The United States Marine Corps (USMC) is a branch of the United States Armed Forces responsible for providing power projection, using the mobility of the United States Navy to, by Congressional mandate, rapidly deliver combined-arms task forces on land, at sea, and in the air. The U.S. Marine Corps is one of the four armed service branches in the U.S. Department of Defense and one of the seven uniformed services of the United States. The current Chairman of the Joint Chiefs of Staff, the highest-ranking military officer in the U.S. armed forces, is a Marine Corps general.
The Marine Corps has been a component of the U.S. Department of the Navy since 30 June 1834, working closely with naval forces for training, transportation, and logistics. The USMC operates posts on land and aboard sea-going amphibious warfare ships around the world, and several of the Marines' tactical aviation squadrons, primarily Marine Fighter Attack squadrons, are also embedded in Navy carrier air wings and operate from the Navy's nuclear-powered aircraft carriers.
Two battalions of Continental Marines were formed on 10 November 1775 in Philadelphia as a service branch of infantry troops capable of fighting for independence both at sea and on shore. The role of the Corps has since grown and evolved, expanding to aerial warfare and earning popular titles such as, "America's third air force", and, "second land army". The United States Marine Corps has distinguished itself as it has served in the majority of American wars and armed conflicts, from its inception to the modern era, and attained prominence in the 20th century when its theories and practices of amphibious warfare proved prescient and ultimately formed the cornerstone of the Pacific theater of World War II.
By the mid-20th century, the U.S. Marine Corps had become a major theorist of and the world's dominant practitioner of amphibious warfare. Its ability to rapidly respond on short notice to expeditionary crises gives it a strong role in the implementation and execution of American foreign policy. As of 2016, the USMC has around 182,000 active duty members and some 38,900 reserve Marines. It is the smallest of the U.S. armed forces within the U.S. DoD.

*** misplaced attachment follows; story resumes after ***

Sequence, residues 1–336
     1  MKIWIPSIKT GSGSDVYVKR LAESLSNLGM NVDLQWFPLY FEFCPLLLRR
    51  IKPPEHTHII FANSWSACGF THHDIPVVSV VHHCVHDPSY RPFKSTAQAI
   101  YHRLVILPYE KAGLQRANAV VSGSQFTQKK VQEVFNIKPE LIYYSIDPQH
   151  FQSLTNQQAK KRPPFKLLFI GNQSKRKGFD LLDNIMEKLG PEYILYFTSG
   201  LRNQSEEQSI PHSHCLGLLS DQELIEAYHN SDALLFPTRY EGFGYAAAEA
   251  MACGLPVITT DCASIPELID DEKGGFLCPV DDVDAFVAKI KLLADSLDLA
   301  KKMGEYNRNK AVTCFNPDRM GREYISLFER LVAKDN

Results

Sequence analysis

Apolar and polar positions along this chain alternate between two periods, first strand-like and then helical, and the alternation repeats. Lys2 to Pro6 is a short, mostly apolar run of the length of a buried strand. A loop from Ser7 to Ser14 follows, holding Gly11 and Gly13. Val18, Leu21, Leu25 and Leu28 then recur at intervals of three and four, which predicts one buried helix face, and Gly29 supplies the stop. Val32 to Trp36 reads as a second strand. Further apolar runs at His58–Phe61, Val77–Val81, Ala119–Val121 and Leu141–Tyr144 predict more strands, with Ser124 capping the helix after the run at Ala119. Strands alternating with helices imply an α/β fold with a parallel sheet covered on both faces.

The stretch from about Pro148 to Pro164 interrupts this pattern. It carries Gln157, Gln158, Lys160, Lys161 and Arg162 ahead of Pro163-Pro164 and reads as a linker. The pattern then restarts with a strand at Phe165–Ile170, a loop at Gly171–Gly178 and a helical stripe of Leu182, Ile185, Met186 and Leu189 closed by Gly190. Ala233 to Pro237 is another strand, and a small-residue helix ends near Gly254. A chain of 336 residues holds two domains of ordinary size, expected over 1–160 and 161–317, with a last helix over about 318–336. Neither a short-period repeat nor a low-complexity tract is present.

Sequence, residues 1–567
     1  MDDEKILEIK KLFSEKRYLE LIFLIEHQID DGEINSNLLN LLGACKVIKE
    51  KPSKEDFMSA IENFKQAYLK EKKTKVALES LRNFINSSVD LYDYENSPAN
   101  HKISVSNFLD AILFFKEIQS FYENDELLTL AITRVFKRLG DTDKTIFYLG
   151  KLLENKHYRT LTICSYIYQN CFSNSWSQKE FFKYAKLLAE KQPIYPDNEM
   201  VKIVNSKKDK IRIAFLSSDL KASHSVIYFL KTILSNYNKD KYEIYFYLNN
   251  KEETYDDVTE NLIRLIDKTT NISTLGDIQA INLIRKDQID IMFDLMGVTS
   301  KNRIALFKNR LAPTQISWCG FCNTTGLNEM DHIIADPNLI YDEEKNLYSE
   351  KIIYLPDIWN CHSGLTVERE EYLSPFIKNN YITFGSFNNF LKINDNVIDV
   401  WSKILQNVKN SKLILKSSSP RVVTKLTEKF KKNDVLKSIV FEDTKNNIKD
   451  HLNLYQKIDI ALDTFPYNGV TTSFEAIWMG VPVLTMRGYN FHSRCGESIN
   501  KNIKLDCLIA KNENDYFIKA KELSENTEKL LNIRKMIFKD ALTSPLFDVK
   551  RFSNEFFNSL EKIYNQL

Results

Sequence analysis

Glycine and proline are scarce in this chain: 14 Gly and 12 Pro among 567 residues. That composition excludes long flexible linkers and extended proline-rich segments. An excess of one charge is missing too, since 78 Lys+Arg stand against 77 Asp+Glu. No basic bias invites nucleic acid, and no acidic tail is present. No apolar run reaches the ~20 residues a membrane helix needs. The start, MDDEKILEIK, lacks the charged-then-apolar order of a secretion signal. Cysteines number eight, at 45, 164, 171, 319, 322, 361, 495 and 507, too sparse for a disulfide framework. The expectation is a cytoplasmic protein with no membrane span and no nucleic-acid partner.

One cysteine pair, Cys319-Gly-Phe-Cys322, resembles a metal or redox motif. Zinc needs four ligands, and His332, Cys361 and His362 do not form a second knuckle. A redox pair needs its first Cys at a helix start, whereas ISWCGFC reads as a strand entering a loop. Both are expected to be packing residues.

"Grand old man of the Marine Corps," longest-serving Commandant -
BGen Archibald Henderson
"Grand old man of the Marine Corps," longest-serving Commandant of the Marine Corps (1820–1859) (5th Commandant of the Marine Corps)
first woman to join the United States Marine Corps -
Sgt Opha Mae Jacob Johnson
In 1918, as World War I was coming to an end, the number of male Marines deployed overseas led to the Marine Corps allowing women to enlist for the first time, filling the vacancies (primarily administrative) left by the deployed Marines. On August 13, 1918, approximately 300 women enlisted in the Marine Corps reserves, with Opha Mae Johnson being the first. Her first duties were as a clerk at the Headquarters of the Marine Corps (HQMC) in Arlington, Virginia, managing the records of other female reservists, eventually becoming the Duty Quartermaster Clerk, Quartermaster Division.
Four days after the initial landings on Iwo Jima, 1stLt Harold G. Schrier led 40 men from Company E, 2d Battalion, 28th Marines, up Mt. Suribachi to secure the crest and raise the small American flag that battalion commander LtCol Chandler Johnson had given Schrier. Within an hour, the patrol reached the rim of the crater. After a short fire-fight with Japanese defenders emerging from several caves, the small American flag was attached to an iron pipe and raised over the island.